Chapter 29: Between a market-based and a caring society: what kind of socially responsible economy do we want?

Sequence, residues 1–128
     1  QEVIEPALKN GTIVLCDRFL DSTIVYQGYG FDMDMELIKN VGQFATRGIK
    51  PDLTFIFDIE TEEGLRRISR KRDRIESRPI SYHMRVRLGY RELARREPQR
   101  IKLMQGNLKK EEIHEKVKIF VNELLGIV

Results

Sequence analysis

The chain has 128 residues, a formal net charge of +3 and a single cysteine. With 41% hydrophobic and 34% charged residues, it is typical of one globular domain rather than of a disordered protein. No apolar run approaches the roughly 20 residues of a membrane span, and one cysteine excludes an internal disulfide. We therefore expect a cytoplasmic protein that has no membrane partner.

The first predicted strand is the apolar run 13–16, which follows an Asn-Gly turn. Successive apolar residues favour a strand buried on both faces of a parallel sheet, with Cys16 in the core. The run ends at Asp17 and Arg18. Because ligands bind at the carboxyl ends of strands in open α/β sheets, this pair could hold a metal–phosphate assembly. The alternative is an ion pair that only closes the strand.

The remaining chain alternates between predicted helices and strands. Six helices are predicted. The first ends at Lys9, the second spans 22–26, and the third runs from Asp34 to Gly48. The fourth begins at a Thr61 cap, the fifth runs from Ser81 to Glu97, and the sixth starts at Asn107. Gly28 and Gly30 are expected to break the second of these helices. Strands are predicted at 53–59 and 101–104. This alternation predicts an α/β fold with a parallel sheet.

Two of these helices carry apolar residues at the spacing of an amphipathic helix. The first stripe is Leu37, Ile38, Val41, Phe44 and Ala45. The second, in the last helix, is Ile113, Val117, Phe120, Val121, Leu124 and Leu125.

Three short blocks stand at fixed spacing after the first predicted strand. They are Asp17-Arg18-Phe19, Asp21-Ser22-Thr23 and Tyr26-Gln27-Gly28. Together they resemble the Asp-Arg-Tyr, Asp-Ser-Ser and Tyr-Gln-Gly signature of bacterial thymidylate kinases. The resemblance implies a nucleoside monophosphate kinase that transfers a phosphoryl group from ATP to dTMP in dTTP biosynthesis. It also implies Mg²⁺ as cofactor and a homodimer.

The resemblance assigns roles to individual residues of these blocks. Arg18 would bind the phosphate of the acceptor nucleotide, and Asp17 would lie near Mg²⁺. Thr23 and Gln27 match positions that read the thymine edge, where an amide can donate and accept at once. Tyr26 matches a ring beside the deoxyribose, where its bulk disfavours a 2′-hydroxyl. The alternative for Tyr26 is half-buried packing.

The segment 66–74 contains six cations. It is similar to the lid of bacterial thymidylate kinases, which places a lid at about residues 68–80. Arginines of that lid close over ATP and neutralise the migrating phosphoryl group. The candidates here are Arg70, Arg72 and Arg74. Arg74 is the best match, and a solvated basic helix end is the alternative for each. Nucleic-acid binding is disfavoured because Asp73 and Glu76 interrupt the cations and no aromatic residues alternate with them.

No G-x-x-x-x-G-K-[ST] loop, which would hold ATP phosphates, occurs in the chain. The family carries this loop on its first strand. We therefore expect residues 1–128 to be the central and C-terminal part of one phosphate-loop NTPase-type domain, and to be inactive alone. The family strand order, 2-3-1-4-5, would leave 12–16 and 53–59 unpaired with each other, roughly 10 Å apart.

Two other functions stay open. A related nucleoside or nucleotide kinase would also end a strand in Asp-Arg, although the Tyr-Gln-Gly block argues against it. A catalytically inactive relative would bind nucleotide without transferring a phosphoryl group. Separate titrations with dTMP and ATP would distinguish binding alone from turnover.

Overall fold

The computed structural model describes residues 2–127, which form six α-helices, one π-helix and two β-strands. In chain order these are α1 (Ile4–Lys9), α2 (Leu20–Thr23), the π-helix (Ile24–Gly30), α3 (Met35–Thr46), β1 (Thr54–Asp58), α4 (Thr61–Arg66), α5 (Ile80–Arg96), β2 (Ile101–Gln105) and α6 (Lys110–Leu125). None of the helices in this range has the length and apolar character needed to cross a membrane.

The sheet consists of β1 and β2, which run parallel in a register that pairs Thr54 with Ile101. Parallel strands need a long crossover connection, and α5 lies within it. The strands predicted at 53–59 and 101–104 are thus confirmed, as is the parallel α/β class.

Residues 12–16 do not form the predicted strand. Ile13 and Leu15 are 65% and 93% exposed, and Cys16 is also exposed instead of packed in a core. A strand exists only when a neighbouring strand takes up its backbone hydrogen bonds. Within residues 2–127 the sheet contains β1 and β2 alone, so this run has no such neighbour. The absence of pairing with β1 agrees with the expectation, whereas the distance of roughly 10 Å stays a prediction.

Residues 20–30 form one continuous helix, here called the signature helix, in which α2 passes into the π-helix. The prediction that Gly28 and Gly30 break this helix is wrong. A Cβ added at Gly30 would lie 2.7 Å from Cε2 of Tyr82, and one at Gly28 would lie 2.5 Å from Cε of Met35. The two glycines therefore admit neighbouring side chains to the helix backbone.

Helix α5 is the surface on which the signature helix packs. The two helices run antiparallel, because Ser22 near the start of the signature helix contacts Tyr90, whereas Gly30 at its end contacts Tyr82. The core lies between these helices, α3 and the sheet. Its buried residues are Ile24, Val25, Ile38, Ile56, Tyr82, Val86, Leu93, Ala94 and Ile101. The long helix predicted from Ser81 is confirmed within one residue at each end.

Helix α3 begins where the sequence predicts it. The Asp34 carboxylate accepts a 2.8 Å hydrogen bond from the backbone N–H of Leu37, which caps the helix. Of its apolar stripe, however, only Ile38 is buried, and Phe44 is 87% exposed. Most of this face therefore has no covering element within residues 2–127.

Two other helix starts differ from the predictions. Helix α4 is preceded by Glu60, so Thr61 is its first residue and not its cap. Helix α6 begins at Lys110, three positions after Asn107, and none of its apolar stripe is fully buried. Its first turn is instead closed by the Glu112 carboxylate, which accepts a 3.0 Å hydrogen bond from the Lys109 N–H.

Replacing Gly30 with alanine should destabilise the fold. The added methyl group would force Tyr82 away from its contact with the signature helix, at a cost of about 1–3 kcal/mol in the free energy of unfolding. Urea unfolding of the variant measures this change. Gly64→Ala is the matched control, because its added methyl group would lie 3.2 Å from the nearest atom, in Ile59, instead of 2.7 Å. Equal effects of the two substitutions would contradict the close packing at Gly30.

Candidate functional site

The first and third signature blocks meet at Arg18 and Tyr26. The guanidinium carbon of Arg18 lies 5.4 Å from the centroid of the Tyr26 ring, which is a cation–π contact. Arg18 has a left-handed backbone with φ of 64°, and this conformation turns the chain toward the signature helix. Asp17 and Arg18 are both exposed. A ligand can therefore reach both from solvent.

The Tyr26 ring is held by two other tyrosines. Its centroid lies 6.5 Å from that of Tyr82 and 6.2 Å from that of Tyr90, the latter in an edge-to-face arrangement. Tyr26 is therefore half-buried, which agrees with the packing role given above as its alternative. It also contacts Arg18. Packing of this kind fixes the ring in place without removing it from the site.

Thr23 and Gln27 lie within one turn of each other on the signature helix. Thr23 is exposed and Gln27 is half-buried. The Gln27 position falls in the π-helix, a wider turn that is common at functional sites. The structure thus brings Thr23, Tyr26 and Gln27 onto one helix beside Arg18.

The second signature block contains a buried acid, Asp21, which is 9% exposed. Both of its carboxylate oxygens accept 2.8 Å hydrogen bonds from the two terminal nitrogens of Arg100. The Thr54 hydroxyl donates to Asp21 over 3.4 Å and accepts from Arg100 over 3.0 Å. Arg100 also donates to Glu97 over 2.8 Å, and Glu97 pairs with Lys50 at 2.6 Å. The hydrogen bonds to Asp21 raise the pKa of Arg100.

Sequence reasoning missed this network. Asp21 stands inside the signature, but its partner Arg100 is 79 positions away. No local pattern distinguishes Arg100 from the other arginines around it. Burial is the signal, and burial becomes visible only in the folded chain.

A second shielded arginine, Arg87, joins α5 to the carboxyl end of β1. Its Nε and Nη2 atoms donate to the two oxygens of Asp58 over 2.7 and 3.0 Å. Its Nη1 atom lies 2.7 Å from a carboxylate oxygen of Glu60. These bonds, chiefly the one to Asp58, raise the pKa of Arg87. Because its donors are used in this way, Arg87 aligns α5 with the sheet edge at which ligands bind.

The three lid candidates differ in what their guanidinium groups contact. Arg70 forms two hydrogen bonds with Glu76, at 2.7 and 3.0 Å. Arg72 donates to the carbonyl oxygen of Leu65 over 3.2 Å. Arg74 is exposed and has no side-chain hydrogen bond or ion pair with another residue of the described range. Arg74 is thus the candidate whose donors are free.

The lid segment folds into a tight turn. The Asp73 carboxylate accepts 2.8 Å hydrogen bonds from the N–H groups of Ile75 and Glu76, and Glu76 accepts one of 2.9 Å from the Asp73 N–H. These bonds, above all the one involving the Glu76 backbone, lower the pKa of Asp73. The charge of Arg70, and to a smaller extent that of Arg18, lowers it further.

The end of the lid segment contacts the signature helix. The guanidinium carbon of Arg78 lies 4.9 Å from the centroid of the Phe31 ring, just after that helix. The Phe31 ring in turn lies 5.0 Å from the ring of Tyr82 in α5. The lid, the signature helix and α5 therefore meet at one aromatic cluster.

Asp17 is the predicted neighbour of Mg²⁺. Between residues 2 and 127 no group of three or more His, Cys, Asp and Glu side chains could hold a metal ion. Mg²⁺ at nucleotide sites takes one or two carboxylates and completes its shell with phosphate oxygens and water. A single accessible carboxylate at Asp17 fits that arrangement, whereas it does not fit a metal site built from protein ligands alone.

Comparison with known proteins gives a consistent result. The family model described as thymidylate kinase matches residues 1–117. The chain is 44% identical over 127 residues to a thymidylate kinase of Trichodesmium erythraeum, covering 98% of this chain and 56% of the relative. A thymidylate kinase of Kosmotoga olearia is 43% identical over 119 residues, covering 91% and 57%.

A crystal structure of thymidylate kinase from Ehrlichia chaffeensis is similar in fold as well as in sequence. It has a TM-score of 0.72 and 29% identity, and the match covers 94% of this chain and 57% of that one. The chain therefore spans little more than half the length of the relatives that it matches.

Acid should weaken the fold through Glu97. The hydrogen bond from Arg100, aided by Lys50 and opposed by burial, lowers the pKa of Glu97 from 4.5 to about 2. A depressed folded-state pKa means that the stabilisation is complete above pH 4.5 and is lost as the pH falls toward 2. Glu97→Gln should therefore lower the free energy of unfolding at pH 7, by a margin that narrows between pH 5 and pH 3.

In my opinion, the developed economies of the democracies of Western Europe, North America, Japan, Australia, and New Zealand are best described as mixed economies, certainly since 1950. They are market economies in that most transactions for goods, services, land and natural resources, and human labor are voluntary purchases and sales. They are capitalist economies in the sense that most non-human means of production are private properties whose uses are decided by the owners or their agents. But democratic governments have a great deal to say about these decisions and activities. Governments own many productive enterprises and provide (free or subject to user charges) goods and services to the public. These span many areas: public safety and defence, parks, museums, libraries, recreation, roads and streets, transportation, public utilities, communications, education, public health, medical facilities, research, insurance, ﬁnancial institutions, and many more. Despite the recent waves of privatization, governments’ weight in the economy remains substantial. Likewise, governments regulate in considerable detail private market transactions and the permissible uses of private property: what goods and services may be sold and bought, when, with what information and warranty, and often within what range of prices; what persons may be employed, at what wages and hours, and for how long; how real properties may be used. Moreover, governments’ taxes and transfers greatly alter the distributive impacts of markets on incomes and consumption. It is surely not true that government was more active in the economy in some idyllic era before World War II. It...
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